Sea Light: Exploring Light in Marine Habitats and the Eyes that Evolved to See ItLatest update January 3, 2019 Started on October 26, 2018
Evolution and biodiversity in the sea is driven in great part by light and vision. We study the weird and wonderful visual systems of diverse marine invertebrates including mantis shrimp and fan worms in order to discover how eyes and visual behaviours evolve beneath the waves. This project will facilitate the observation of natural visual behaviours as well as the measurement of the dynamic light environments these creatures reside in.
The Trident OpenROV has arrived! We are looking forward to getting it into the field later this month at Helford Passage Beach in Cornwall. We will be surveying the tidal sand flats where we find two fan worm species that we are working with: Acromegalomma vesiculosum and Sabella pavonina. Acromegalomma vesiculosum has large compound eyes on its feeding tentacles while Sabella pavonina has no eyes on the tentacles. We are curious to see how the tow different species respond to the encroaching ROV.
We study the visual systems of marine animals around the world; in field sites that include the Great Barrier Reef, Hawaii, the Caribbean, the Mediterranean Sea and the temperate North Atlantic. Vision is a crucial sense, governing complex behaviours such as navigation, communication, and predation. Vision is therefore likely a major contributor to speciation and biodiversity. Our primary focus is to discover how the dynamic aquatic light environment shapes the evolution of eyes and the behaviours they facilitate. Understanding how animals see is increasingly important when we consider how animals will meet the new challenges brought on by shifting light environments in a changing world.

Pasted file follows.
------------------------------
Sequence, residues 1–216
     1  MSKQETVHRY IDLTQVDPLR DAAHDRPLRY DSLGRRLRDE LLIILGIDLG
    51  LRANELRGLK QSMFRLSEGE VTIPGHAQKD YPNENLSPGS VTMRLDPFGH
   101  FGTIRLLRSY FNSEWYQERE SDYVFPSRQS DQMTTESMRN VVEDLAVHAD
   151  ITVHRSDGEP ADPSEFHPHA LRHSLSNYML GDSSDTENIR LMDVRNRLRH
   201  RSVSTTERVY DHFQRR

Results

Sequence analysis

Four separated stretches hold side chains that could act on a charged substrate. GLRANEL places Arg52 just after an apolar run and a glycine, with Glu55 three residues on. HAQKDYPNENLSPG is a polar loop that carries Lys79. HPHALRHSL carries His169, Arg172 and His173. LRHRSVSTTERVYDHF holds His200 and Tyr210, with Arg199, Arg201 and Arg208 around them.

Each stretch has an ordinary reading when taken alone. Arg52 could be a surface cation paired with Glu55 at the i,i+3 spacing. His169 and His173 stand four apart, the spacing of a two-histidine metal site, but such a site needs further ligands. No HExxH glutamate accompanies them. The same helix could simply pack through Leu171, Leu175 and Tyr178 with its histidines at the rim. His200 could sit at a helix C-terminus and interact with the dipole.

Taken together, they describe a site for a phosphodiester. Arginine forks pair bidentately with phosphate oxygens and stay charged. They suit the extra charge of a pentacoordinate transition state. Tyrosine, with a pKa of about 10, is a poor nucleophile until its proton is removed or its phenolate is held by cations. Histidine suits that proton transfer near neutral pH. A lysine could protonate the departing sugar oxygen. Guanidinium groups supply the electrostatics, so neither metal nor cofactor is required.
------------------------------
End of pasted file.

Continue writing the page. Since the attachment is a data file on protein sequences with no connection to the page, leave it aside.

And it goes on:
Beyond our usual approaches of laboratory experimentation, we are increasingly interested in observing and testing the visual systems of marine creatures in their natural habitats. We have projects underway on diverse marine life with unusual eyes including mantis shrimp, planktonic crustaceans, jellyfish, and starfish. We plan to use an ROV in observing the behaviours of many of these animals in the future in their tropical natural habitats. However, the target of the first expedition will be closer to home: We will examine the unique visual behaviours of fan worms living in the Helford Estuary in Cornwall, UK.
Fan worms are marine polychaetes that spend their lives hidden in a tubes buried in the substrate. They project a fan of specialised tentacles up into the water column to filter feed, snatching food particles from the passing currents. Since their heads never leave their tubes, they have evolved dozens or hundreds of unique eyes scattered on their feeding tentacles. These eyes can warn the worms of encroaching threats so they can retract their feeding fans to safety. These are some of the strangest eyes in nature, and evolved independently from any other visual system.
We will use a ROV as an experimental stimulus to test the ability of fan worms in the shallow mud flats at the Helford feild site to detect the ROV and retract as it approaches in varying lighting conditions (approach direction, time of day, and depth). We will also use video recorded by the ROV to quantify the light properties (intensity, colour, rate/intensity of wave flicker) of various habitats and depth ranges in the estuary. This data will be bolstered by other specialised light measuring equipment deployed independently, or retrofitted to the ROV.
Stay tuned to see us spook some fan worms if we are successful in our application for a Trident ROV!
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